Marijuana use rises and falls with price and perceived harm, study shows Marijuana use among youth decreases as marijuana prices and perceived harmfulness rise, conclude researchers from the UIC ImpacTeen Project and University of Michigan Youth Education and Society Project (YES!). Their recent study also assesses the extent to which trends in marijuana prices and perceptions of use risks predict cycles in youth marijuana use.
Marijuana use among high school seniors declined to a recorded low between 1981 and 1992, when price more than tripled. The trend reversed itself after 1992, when price fell by 16 percent.
The study shows that perceived risk of harm from marijuana use had a substantial impact on the reduction in marijuana use between 1981 and 1992 (as perceived risk rose) and in the subsequent increase in use after 1992 (as perceived risk declined). These conclusions, now taking price into account, are consistent with ones reached earlier by the University of Michigan investigators, who for years have argued the importance of perceived risk in explaining trends in the use of various drugs.
Complete findings are presented in the Bridging the Gap paper titled "Marijuana and Youth," found under "Papers and Presentations" at www.uic.edu/orgs/impacteen
"This is the first paper that uses nationally representative data to look at the impact of prices on youth marijuana use," said Frank Chaloupka, professor of economics at UIC and director of the UIC ImpacTeen Project.
Traditionally, researchers have not considered price as a determining factor in marijuana use among youth. The handful of studies that have examined the relationship between youth marijuana use and price relied on small, unrepresentative samples, Chaloupka explained.
The researchers recommend that further research be conducted to provide a more complete understanding of the relative impact of price and attitudes on youth marijuana use.
"Changes in the price of marijuana and in the perceived risk of harm from regular marijuana use contribute to an understanding of the number of teens who use marijuana and underscore the usefulness of considering price in addition to more traditional determinants in future studies," said Chaloupka.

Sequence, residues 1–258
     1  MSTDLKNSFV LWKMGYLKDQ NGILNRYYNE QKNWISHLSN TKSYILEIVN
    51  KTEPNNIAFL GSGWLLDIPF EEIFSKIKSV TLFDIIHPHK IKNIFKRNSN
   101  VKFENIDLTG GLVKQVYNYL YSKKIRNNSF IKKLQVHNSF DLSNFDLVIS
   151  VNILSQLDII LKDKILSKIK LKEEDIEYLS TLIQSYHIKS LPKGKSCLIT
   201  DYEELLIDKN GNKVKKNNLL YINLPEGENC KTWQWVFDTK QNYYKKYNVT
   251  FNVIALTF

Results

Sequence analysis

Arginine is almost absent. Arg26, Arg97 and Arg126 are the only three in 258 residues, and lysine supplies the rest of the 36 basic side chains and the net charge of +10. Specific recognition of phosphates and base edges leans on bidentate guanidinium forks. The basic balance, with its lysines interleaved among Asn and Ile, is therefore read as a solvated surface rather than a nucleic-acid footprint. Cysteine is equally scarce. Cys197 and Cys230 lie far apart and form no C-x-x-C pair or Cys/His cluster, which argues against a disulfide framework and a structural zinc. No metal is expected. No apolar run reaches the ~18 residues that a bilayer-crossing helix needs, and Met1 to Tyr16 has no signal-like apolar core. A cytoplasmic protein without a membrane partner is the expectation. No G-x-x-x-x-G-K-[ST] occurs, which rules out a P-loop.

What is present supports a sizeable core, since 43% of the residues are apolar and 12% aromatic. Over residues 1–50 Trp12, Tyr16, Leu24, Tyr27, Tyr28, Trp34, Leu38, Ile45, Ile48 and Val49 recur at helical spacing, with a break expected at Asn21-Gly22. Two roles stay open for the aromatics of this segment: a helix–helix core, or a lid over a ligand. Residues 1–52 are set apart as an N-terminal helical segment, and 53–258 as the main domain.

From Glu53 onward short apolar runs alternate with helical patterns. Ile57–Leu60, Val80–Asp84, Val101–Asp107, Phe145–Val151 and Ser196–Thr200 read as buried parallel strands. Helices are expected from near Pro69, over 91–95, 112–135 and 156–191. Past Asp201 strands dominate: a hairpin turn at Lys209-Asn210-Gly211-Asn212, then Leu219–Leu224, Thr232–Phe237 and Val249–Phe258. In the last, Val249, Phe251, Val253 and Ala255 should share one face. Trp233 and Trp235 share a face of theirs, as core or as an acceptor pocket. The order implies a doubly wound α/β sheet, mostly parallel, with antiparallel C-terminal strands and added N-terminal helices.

ImpacTeen researchers have been leaders in investigating the effects of price on the demand for tobacco, alcohol and illicit drugs. In researching the effect of price on marijuana use among youth, the paper's authors employed data on marijuana prices and potency from the U.S. Drug Enforcement Administration Office of Intelligence, and data on the demand for marijuana among a nationally representative sample of American high school seniors from the annual Monitoring the Future Survey conducted by UM researchers. The National Institute on Drug Abuse funds the survey.
The ImpacTeen and YES! projects make up the Bridging the Gap initiative, a five-year interdisciplinary partnership of nationally recognized substance abuse experts in economics, etiology, epidemiology, law, political science, public policy, psychology and sociology. Bridging the Gap is funded by the Robert Wood Johnson Foundation, the nation's largest health philanthropy.
The authors of "Marijuana and Youth" are Bridging the Gap researchers Rosalie Liccardo Pacula, RAND; Michael Grossman, National Bureau of Economic Research; Chaloupka, UIC; Patrick M. O'Malley and Lloyd D. Johnston, Institute for Social Research, University of Michigan; and Matthew C. Farrelly, Research Triangle Institute.
UIC's Health Research and Policy Centers administers the ImpacTeen project and serves as the overall coordinating center for the Bridging the Gap initiative. ImpacTeen, with UM's YES! project, is building on existing information about youth alcohol, tobacco and illicit drug use and abuse and collecting data on trends, markets, policies, legislation, enforcement, treatment, educational programs, advertising and other environmental factors. The initiative will merge these data with nationally representative surveys of youth to evaluate the relative effectiveness of specific prevention programs and policies in reducing youth substance use and abuse.
An essential goal of Bridging the Gap is to provide comprehensive and definitive research that will enable legislators and policymakers to develop effective policy and make informed decisions about appropriating dollars earmarked for substance abuse prevention programming.
The above post is reprinted from materials provided by University Of Illinois At Chicago. Note: Materials may be edited for content and length.
Cite This Page: